A single bell tolled from the tower. It’s rhythm was slow and melancholy, giving the abandoned streets an even eerier feel.
“Who’s ringing the bell?” Andryn asked absent-mindedly.
“Beats me,” replied Bryn.
The two troopers continued up the cobbled road past piles of detritus. Here and there were splatters of blood, and much of the masonry was scarred by missle strikes, and some doors still were punctuated by arrows.
“I wonder where the bodies are?” Andryn mused aloud as he switched the reins of his trailing horse to his other hand.
“I was wondering that too,” Bryn replied. “There doesn’t seem to be any in the street, and there was no evidence of graves on our way into town. Maybe everyone survived.”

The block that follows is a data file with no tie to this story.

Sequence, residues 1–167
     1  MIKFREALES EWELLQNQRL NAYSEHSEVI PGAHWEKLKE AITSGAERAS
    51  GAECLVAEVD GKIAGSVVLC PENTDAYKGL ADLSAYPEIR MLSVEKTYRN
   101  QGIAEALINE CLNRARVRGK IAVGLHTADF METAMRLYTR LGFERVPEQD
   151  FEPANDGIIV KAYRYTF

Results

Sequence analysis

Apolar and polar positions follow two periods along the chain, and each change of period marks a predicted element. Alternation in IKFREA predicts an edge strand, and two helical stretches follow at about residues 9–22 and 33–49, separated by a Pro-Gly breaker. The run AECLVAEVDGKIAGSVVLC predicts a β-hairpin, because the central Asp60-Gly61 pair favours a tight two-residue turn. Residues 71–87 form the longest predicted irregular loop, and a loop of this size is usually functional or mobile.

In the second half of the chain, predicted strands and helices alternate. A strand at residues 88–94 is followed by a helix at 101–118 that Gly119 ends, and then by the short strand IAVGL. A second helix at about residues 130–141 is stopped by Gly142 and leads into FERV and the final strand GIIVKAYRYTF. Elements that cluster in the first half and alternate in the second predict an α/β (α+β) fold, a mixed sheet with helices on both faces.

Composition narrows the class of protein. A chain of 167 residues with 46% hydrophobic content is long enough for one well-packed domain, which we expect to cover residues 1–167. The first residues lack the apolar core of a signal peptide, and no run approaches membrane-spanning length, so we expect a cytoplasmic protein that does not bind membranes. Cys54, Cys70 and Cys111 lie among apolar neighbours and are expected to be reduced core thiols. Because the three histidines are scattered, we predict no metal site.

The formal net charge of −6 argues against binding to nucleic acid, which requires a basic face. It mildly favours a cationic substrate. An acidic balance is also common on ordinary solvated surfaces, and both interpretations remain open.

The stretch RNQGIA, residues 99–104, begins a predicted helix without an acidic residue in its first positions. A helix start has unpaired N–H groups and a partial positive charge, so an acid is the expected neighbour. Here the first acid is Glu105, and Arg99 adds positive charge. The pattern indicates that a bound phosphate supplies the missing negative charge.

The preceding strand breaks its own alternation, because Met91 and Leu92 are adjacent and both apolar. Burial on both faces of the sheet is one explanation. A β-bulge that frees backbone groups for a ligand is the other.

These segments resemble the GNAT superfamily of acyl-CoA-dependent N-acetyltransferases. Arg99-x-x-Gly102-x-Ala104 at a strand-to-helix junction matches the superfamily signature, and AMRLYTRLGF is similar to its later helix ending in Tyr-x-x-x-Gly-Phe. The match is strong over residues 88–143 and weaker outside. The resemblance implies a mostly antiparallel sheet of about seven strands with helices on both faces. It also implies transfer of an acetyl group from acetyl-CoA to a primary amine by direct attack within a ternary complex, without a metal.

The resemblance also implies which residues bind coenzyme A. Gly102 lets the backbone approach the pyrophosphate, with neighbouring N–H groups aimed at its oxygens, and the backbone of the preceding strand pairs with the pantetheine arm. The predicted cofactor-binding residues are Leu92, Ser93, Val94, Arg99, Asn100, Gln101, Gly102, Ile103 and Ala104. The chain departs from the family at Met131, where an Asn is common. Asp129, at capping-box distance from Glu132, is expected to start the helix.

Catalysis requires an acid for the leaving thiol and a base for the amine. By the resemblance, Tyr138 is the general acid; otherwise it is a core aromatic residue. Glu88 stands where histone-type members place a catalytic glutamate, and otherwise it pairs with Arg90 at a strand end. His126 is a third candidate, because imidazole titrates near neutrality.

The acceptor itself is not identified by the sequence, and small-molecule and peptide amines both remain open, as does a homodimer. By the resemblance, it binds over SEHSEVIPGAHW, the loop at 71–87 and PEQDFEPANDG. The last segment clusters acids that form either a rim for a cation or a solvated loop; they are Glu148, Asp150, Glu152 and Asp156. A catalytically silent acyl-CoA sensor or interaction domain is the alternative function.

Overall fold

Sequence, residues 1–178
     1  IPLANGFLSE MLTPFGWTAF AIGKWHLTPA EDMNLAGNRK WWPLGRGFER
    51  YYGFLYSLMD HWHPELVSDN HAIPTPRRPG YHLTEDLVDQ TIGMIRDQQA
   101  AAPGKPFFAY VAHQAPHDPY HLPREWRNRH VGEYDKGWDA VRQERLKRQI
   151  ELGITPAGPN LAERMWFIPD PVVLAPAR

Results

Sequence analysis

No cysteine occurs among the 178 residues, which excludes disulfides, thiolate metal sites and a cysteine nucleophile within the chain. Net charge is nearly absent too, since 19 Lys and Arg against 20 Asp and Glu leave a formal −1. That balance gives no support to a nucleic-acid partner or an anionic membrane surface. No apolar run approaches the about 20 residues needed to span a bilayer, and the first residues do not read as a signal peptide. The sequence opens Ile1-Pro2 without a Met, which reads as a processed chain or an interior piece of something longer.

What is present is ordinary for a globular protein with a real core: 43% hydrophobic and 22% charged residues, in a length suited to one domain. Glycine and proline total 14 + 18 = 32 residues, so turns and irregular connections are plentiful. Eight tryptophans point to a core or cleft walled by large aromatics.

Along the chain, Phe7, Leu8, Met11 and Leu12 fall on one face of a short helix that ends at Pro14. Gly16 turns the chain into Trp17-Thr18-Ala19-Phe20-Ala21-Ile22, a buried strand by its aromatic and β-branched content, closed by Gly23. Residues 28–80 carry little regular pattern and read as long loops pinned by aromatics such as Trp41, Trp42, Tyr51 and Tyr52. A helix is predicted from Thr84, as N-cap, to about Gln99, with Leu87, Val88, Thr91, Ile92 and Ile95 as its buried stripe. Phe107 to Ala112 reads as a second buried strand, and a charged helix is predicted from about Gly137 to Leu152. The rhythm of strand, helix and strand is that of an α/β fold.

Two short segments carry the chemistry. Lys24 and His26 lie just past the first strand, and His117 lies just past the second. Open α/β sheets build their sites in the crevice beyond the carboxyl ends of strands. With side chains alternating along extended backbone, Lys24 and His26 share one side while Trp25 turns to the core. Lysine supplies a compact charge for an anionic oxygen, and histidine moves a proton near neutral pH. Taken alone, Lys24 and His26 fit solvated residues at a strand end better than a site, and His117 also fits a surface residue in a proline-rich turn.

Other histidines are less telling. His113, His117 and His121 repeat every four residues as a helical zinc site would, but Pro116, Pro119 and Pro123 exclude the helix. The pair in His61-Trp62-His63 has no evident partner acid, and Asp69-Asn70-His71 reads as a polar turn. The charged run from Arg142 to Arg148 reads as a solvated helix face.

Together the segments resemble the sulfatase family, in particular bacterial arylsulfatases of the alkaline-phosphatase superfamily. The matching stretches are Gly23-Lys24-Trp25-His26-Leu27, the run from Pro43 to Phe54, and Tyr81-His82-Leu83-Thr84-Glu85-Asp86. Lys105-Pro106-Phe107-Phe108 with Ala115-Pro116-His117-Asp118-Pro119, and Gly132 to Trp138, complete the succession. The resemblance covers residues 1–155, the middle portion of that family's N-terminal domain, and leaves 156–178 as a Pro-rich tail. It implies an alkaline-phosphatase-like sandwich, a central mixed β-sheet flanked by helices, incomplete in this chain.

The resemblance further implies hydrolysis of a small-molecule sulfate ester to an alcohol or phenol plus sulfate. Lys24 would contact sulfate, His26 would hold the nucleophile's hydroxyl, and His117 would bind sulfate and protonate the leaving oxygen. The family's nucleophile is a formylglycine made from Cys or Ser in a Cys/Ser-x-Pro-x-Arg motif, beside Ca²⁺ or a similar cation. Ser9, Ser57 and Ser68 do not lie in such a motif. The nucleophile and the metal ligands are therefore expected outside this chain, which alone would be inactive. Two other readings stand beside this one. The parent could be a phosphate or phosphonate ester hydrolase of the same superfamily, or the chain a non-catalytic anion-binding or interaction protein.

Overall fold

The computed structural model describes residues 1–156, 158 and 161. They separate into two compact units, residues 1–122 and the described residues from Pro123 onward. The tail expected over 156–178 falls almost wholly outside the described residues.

“Or they are all in a heap somewhere,” his friend retorted.
“Maybe we shoud be check that bell out,” Bryn suggested.
“The sergeant said wait for the column,” Andryn reminded him.
Just then Bryn caught a glimpse of quick movement out of the corner of his eye and drew his sword by reflex. A cat then shot out of the alleyway and clammered over a wooden fence.
“Nervey?” Andryn asked.
“No, just cautious. There is something not quite right about this place.”
“The horses don’t seem bothered,” Andryn observed. “That’s always a good sign.”
The pair soon arrived at the town square and discovered what seemed to be a make shift barricade. It too was abandoned.
“What do we do now?” Andryn asked.
“Wait, I guess,” his mate replied.
The two tethered their mounts and sat against the barricade. Andryn handed his comrade a couple of hard biscuits and a lump of cheese, and they ate as the sun declined westwards.
“Crappy last meal,” Bryn said with a smile, nudging his friend with an elbow.
Andryn gazed at the setting sun, and then down the road where the column should arrive from. “Crappy indeed,” he replied without any mirth, and placed his sword across his lap.